Cyclic voltammetry

Cyclic voltammetry is a known method of demonstrating the presence of a substance in a given liquid by drawing a graph with a characteristic wavy line. The graph has a typical, recognizable form in which the electron flow (current: i) is measured in Volt against the potential (E).

Video: cyclic voltammertry explained

Our contributor Lutz Stratman explains how cyclic voltammetry works using examples. He also shows how to apply cyclic voltammetry in an electrochemical experiment.

Cyclic voltammetry graph (or voltammogram)

The typical shape of cyclic voltammetry (Figure 1) is due to the way in which an electrochemical experiment is usually set up. There are roughly two groups of measurements that are plotted as voltammograms: pulsed techniques and linear sweeps. The focus of this topic is linear sweep.

Figure 1 | Cyclic voltammetry

The typical shape of a voltammogram roughly consists of four phases that represent an electrochemical reaction in your experiment. We explain each phase separately below.


Exponentially upward trend

In order to investigate the presence of a particular substance in a liquid, a potential is applied to an electrode in the liquid by means of a potentiostat. This potential is increased linearly by a fixed increase per period of time. 

The potential of the electrode will cause the substance to react. The initial cathodic (negative), where no reaction took place, turns into a more anodic (positive) potential. The electrode starts to draw electrons from the substance in the liquid towards itself. The curve now shows an exponentially upward trend, i.e. with increasing potential the current increases.


The curve levels off and reaches its highest point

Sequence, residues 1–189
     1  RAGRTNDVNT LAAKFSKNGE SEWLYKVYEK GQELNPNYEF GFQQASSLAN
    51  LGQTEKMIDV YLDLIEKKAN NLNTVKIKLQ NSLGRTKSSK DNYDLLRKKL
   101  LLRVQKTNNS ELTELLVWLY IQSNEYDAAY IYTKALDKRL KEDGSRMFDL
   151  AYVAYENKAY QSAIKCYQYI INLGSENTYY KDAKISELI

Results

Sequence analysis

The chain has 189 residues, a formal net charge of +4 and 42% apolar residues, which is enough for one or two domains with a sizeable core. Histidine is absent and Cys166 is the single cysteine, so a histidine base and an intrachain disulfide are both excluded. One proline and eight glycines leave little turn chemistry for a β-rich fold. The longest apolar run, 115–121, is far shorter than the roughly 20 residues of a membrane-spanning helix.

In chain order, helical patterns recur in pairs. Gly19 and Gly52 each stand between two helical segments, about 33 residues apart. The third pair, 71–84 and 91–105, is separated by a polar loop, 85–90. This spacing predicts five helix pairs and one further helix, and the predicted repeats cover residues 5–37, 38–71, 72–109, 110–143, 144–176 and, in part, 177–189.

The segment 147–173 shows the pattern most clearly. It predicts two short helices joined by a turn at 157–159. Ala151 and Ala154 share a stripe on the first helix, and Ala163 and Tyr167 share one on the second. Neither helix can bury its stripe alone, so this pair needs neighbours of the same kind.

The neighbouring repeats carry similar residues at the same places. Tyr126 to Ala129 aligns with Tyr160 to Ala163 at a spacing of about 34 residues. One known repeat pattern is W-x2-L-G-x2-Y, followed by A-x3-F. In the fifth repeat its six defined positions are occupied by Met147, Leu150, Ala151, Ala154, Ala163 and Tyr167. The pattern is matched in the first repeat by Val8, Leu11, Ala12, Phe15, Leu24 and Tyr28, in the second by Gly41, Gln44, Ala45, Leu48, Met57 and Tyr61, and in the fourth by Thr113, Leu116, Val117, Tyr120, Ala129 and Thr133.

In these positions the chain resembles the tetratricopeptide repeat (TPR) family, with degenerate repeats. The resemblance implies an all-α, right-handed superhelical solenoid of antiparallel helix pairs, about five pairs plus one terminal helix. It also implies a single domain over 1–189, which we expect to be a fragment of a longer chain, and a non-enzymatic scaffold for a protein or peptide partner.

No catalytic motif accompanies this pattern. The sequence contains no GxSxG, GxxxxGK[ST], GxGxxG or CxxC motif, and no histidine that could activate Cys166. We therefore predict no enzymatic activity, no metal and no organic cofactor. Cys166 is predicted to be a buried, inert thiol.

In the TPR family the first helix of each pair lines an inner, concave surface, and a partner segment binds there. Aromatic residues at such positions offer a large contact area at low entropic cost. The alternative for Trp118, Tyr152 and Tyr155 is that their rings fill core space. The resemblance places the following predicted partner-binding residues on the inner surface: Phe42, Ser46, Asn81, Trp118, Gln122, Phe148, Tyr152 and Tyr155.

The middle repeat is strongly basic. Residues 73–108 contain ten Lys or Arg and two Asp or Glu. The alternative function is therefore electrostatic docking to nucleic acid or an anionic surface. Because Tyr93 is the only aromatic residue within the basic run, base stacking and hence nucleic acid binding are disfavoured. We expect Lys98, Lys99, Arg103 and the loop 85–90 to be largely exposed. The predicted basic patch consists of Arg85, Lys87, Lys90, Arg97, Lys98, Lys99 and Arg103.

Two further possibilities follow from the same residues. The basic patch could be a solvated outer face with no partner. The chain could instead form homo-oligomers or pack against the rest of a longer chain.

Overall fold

After reaching the so-called redox potential, the initial exponential rise of the curve levels off. The cause being the decreasing amount of substance in front of the electrode, which also results in a lack of electrons, until eventually no electrons are left to draw close. The curve is at its highest point.


The curve drops

The potential is still being increased towards anodic (positive) potentials. Still the current is decreasing, because there is less and less substance left to collect.

Due to diffusion substance is transported towards the electrode. All substance that reaches the electrode is immediately converted. A further increase of potential doesn’t lead to an increase of current. The current is limited by the diffusion of new substance towards the electrode.


Lower curve

There is no reason to increase the potential any further. In case of Cyclic Voltammetry the potential descend linearly again. This drop in potential causes the lower curve, that shows exactly the same gradient as the upper curve of the voltammogram, but then reversed.

The substance, which was converted during the anodic increase will now be reduced (receiving electrons) again

Voltammogram equipment

Cyclic voltammetry is the result of an electrochemical experiment that can be performed with a potentiostat. Palmsens BV developed a broad range of potentiostats that can be used in the field of electrochemistry. You can choose from:

Cyclic voltammetry analysis software

In order to analyse cyclic voltammetry you need dedicated software. All PalmSens potentiostats are delivered with a full version of the software with integrated analysis tools.

  • Our single channel instruments can be controlled via a PC (PSTrace) or Smartphone/Tablet (PStouch).
  • Our multichannel instruments can be controlled via MultiTrace
Cyclic voltammetry
A method of demonstrating the presence of a substance in a given liquid by drawing a graph with a characteristic wavy line. The graph has a typical, recognizable form in which the electron flow (current: I) is measured in Ampere against the potential (E) in Volt.

Article series 'Cyclic Voltammetry – the Most Used Technique'

For readers who want to understand more about cyclic voltammetry, we published a series of four articles on this electrochemical technique. In these articles, we delve deeper into the subject and discuss some experiments using cyclic voltammetry.

  1. Cyclic Voltammetry: An introduction
  2. Cyclic Voltammetry: What is a cyclic voltammogram?
  3. Cyclic Voltammetry: What information can a CV provide?
  4. Cyclic Voltammetry: Investigation of Catalytic Processes

In addition, we offer some PDFs with actual experimental experiments in which cyclic voltammetry is used.

  1. Cyclic Voltammetry – Theoretical Experiments
  2. Cyclic Voltammetry – Investigation of a Gold Surface
  3. Cyclic Voltammetry – Ferrocene-carboxylic Acid as a Mediator